Hired to paint a portrait ahead of a prospective marriage, an artist in 18th-century Brittany finds herself falling for the reclusive would-be bride, in the Cannes Queer Palm–winning fourth feature from writer-director Céline Sciamma (Girlhood).
Winner of both the Queer Palm and Best Screenplay awards at this year's Cannes Film Festival, the fourth feature from French writer-director Céline Sciamma (TIFF '14's Girlhood) is an exquisite portrait of hidden love, art, eros… and the gaze.
Set in 18th-century Brittany, Portrait of a Lady on Fire follows Marianne (Noémie Merlant), an artist commissioned by an Italian noblewoman (Valeria Golino) to paint a portrait of her reclusive daughter Héloïse (Adèle Haenel, also at the Festival in Deerskin), who is soon to be married.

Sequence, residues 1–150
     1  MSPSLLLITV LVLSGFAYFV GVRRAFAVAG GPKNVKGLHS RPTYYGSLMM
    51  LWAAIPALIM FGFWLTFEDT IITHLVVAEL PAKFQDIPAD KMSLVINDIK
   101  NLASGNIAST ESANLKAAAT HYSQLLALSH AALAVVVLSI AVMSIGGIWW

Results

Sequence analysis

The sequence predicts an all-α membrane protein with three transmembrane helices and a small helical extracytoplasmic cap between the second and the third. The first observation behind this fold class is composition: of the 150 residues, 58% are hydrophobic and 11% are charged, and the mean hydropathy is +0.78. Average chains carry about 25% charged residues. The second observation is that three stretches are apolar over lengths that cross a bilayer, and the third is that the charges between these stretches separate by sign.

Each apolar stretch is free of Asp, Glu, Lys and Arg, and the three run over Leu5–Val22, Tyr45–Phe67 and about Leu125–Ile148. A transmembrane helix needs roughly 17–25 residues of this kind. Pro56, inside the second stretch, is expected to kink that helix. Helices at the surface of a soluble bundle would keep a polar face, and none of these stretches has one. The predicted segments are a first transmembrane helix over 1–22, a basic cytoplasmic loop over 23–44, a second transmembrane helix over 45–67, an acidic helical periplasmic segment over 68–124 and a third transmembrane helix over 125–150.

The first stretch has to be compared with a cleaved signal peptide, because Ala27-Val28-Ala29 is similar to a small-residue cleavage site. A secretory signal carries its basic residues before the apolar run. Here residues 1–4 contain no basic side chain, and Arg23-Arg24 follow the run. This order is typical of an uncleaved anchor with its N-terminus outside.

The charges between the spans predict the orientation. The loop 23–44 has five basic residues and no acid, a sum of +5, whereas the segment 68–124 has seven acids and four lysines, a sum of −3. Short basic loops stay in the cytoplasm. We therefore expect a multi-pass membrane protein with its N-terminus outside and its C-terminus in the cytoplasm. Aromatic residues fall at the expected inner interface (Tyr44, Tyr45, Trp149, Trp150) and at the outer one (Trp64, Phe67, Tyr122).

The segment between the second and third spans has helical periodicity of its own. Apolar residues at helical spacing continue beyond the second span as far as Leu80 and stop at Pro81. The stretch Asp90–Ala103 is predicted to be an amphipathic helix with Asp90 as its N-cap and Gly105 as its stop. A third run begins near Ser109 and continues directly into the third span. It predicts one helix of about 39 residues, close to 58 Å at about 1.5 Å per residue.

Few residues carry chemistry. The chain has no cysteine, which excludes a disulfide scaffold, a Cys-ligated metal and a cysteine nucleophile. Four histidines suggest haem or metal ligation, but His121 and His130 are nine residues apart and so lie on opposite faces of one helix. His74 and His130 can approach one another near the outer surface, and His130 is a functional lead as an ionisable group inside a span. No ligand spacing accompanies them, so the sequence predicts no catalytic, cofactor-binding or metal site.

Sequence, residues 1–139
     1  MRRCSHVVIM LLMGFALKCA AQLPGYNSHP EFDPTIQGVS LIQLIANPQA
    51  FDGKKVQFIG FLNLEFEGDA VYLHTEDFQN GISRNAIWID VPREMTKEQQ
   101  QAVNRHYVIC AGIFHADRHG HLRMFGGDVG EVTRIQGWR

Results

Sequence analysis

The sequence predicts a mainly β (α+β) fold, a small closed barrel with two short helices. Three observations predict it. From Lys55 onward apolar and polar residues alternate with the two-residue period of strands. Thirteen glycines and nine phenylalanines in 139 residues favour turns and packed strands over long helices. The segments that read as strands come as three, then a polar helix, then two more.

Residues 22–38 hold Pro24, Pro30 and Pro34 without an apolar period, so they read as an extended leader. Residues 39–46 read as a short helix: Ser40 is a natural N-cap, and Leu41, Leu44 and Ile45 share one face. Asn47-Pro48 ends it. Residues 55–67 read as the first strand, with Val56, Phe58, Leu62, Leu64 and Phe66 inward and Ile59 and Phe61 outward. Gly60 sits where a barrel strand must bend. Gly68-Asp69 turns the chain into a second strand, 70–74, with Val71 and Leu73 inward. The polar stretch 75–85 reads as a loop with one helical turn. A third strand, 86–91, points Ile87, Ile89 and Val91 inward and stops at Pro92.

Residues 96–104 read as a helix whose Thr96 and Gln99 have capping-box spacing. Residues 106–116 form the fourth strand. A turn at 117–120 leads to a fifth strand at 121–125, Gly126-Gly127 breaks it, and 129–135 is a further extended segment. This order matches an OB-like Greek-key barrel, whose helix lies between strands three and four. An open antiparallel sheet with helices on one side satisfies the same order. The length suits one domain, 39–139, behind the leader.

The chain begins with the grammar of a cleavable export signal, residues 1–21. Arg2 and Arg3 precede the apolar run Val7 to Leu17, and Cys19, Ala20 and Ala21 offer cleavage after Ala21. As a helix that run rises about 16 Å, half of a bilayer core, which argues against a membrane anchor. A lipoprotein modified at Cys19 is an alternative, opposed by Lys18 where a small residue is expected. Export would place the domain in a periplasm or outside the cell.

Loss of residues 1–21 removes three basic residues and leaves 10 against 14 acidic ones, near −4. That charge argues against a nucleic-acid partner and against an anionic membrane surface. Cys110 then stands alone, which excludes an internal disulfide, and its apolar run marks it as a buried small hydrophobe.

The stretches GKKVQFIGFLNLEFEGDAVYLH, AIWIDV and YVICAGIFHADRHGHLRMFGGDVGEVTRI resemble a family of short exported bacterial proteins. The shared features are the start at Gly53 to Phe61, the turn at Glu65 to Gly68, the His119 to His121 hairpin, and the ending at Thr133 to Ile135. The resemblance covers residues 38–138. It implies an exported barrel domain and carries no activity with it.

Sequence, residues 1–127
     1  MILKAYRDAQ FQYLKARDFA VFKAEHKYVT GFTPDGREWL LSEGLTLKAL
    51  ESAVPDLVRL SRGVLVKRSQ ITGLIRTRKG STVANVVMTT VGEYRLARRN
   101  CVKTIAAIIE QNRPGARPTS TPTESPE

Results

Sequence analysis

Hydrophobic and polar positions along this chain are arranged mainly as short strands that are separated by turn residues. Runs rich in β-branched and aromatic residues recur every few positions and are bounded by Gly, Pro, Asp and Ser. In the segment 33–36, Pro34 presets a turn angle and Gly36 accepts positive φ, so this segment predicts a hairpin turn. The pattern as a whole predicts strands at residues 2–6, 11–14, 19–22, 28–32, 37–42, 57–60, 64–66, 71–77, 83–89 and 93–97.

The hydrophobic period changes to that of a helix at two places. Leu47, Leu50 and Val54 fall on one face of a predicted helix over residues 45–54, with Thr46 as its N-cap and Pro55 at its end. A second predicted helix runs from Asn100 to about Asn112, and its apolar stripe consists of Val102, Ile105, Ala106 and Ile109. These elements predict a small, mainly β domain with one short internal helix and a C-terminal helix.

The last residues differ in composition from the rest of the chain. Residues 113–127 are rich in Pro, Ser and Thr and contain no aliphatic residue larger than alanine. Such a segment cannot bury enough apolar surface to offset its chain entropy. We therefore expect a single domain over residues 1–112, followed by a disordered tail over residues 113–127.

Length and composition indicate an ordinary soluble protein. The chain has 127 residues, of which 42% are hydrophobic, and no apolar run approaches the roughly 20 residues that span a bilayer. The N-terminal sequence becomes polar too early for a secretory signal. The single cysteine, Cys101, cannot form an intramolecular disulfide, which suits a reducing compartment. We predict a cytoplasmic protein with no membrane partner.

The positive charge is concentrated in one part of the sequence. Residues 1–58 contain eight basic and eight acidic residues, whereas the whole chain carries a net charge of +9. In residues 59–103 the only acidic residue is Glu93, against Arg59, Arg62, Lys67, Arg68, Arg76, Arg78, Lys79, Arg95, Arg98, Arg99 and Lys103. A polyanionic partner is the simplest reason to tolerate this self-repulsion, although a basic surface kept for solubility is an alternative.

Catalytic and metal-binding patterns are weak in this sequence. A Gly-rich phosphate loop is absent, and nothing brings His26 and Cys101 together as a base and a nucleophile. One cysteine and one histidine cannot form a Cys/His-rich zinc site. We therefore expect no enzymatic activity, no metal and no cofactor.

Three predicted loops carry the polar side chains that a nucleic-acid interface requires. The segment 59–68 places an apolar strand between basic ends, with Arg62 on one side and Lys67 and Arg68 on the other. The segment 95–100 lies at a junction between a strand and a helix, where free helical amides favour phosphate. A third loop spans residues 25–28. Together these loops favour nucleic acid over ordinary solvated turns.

The peculiar conditions of this assignment, however, require that Marianne never announce to Héloïse the objective of her visit. Instead, Marianne is to escort Héloïse on walks, posing as a hired companion while closely observing her subject so as to render her likeness on canvas in secret.
Dissatisfied with her initial portrait, Marianne petitions her patroness for a second chance. Marianne then confesses the ruse to Héloïse, procuring her cooperation and allowing the women to forge a much closer bond — one that will lead to a passionate intimacy.
Gorgeously captured by cinematographer Claire Mathon (TIFF '13's Stranger by the Lake), Portrait of a Lady on Fire is a slow burn in which every word, glance, and touch holds the promise of undiscovered territory. The film engages the emotions and the intellect in tandem, as our heroines discuss the purposes of art and life while their love builds from a spark to a blaze. Sciamma uses this stirring love story to apprehend what it means to truly see — and to truly be seen.